This invention is further described in the following description of its presently preferred embodiments.
FIG. 1 is a plot of methane conversion and hydrocarbon product selectivity vs. time for the results reported in Example 3.
FIG. 2 is a plot of methane conversion vs. time for the results reported in Examples 2 and 5.
FIG. 3 is a plot of % C converted and hydrocarbon product selectivity vs. run time for the results reported in Example 10.
FIG. 4 is a plot of % C converted and hydrocarbon product selectivity vs. run time for the results reported in Example 11.
Reducible oxides of manganese can be supplied from a variety of known sources. The term "reducible" is used to identify those oxides of manganese which are reduced by contact with methane at temperatures in the range of about 500° to 1000° C. Among the reducible oxides of manganese, those containing major amounts of Mn2 O3 and Mn3 O4 are preferred. A particularly preferred class of contacting agents are those comprising Mn3 O4.
The reducible oxide of manganese is preferably provided as solid particles. It may be supported by, or diluted with, a conventional support material such as silica, alumina, titania, zirconia, and the like, and combinations thereof. A presently preferred support material is silica.
The term "oxide of manganese" includes: (1) one or more manganese oxides of and/or (2) one or more oxygen-containing compounds of manganese, provided that such oxides and compounds have the capability of performing to produce higher hydrocarbon products as set forth herein. The reducible oxides of manganese may be employed alone or in combination with reducible oxides of other metals (see copending U.S. Application Ser. Nos. 522,944; 522,942; 522,905; 522,877; 522,876; and 522,906) and/or other oxidative synthesizing agents. Oxidative synthesizing agents are compositions comprising at least one oxide of at least one metal, which composition, when contacted with methane at a temperature selected within the range of about 500° to 1000° C., produces C2 + hydrocarbon products, coproduct water, and a composition comprising a reduced metal oxide.
Solids may be formed in conventional manner using techniques well known to persons skilled in the art. For example, supported solids may be prepared by conventional methods such as adsorption, impregnation, precipitation, coprecipitation, or dry-mixing.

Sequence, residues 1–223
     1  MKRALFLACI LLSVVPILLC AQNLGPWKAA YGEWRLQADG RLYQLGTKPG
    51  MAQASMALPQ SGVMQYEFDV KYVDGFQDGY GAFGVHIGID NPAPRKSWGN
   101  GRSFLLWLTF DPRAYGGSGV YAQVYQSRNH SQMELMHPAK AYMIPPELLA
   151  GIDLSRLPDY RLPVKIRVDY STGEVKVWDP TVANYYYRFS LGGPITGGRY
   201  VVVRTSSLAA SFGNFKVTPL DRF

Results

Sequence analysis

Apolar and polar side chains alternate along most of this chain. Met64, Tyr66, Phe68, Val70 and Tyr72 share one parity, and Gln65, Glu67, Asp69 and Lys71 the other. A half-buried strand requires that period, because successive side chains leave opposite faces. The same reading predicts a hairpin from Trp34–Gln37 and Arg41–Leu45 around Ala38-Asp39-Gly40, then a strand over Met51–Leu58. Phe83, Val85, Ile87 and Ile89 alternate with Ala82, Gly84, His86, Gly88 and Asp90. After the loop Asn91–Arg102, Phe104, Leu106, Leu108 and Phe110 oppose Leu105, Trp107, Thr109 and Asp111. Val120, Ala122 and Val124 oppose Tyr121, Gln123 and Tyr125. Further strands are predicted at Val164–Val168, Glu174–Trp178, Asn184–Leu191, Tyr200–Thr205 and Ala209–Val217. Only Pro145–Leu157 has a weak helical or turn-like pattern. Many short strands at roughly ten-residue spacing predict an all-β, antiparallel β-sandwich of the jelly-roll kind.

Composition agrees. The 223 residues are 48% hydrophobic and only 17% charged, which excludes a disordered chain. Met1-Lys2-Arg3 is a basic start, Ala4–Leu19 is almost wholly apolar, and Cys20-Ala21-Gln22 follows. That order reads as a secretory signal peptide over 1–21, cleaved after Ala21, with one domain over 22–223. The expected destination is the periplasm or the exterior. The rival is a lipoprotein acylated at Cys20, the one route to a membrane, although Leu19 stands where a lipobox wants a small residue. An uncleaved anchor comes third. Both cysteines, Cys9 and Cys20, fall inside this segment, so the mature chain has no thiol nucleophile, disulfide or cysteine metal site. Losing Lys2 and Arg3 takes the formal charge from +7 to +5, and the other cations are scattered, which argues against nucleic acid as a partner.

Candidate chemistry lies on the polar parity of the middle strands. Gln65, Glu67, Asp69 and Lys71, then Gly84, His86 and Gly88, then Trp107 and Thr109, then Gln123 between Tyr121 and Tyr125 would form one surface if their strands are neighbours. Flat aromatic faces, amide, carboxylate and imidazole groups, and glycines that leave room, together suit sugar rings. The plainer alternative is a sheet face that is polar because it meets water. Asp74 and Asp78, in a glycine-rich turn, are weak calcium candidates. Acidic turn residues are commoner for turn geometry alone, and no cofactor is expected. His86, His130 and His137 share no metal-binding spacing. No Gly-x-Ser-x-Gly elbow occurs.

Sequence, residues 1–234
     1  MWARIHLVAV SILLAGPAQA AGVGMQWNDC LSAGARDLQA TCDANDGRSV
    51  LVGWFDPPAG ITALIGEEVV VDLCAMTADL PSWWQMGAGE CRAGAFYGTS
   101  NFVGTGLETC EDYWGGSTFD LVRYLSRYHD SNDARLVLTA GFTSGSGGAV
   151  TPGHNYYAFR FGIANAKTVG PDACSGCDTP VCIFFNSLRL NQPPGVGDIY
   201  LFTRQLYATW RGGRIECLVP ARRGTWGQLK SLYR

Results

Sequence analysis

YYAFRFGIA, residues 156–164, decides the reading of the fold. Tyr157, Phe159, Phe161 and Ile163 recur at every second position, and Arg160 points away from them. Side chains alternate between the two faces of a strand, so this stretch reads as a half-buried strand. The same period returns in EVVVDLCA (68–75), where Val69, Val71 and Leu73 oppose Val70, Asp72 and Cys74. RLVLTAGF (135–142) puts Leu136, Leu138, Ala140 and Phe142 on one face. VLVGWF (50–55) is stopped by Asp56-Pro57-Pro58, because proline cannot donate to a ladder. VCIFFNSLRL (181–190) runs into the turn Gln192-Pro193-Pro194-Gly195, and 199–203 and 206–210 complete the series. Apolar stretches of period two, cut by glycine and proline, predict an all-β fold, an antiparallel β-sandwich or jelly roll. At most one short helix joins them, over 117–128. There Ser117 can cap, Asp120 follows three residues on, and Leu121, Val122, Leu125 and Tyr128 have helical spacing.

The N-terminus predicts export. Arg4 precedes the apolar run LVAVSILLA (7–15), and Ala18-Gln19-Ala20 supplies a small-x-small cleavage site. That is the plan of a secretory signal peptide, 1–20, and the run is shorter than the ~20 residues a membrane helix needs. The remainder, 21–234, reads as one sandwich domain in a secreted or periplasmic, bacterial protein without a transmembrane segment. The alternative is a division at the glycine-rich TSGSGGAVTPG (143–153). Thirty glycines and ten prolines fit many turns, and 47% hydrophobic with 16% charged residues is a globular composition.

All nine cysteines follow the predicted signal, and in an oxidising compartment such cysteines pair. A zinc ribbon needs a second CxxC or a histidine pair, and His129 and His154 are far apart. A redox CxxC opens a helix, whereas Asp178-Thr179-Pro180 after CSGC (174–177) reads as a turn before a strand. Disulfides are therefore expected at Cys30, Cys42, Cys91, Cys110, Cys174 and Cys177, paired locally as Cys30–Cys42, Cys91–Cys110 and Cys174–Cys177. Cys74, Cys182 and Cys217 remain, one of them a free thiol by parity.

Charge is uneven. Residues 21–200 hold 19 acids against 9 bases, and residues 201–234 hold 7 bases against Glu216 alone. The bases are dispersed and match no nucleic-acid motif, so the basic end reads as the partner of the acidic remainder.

A suitable method is to impregnate the support with solutions of a manganese compound. Some examples of manganese compounds are the acetate, acetylacetonate, oxide, carbide, carbonate, hydroxide, formate, oxalate, nitrate, phosphate, sulfate, sulfide, tartrate, fluoride, chloride, bromide or iodide. Such compounds of manganese may be dissolved in water or other solvent and the solutions combined with the support and then evaporated to dryness. Preferably, aqueous solutions are employed and water-soluble compounds of manganese are used. In some cases, the solutions may have acids and/or bases added to them to facilitate dissolution of the precursors of the oxide of manganese. For example, acids such as hydrochloric or nitric acid or bases such as ammonium hydroxide may be used as desired. The dried solids may then be screened or otherwise processed to form the desired shape, size, or other physical form of the finished solids. Finally, the solids are prepared for use by calcination at high temperatures for a period of time in accordance with conventional practice in this art. For example, the solids are placed in an oven or kiln, or in a tube through which oxygen (e.g., air or oxygen diluted with other gases) is passed, at an elevated temperature (e.g., about 500° to 1200° C., preferably about 700° to 1200° C., more preferably about 900° to 1200° C.). Use of higher calcination temperatures promotes the formation of Mn3 O4 in the finished solid.
The foregoing description regarding preparation of reducible oxides of manganese in a form suitable for the synthesis of hydrocarbons from a methane source is merely illustrative of many possible preparative methods, although it is a particularly suitable method and is preferred.
Manganese loadings on supported solids may be within the range of about 1 to 50 wt. % Mn (calculated as elemental metal).